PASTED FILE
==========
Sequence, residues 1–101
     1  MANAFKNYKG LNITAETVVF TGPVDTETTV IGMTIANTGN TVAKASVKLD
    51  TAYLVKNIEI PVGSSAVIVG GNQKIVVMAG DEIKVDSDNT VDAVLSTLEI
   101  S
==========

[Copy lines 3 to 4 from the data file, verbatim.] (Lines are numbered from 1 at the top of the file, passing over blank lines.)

    51  TAYLVKNIEI PVGSSAVIVG GNQKIVVMAG DEIKVDSDNT VDAVLSTLEI
   101  S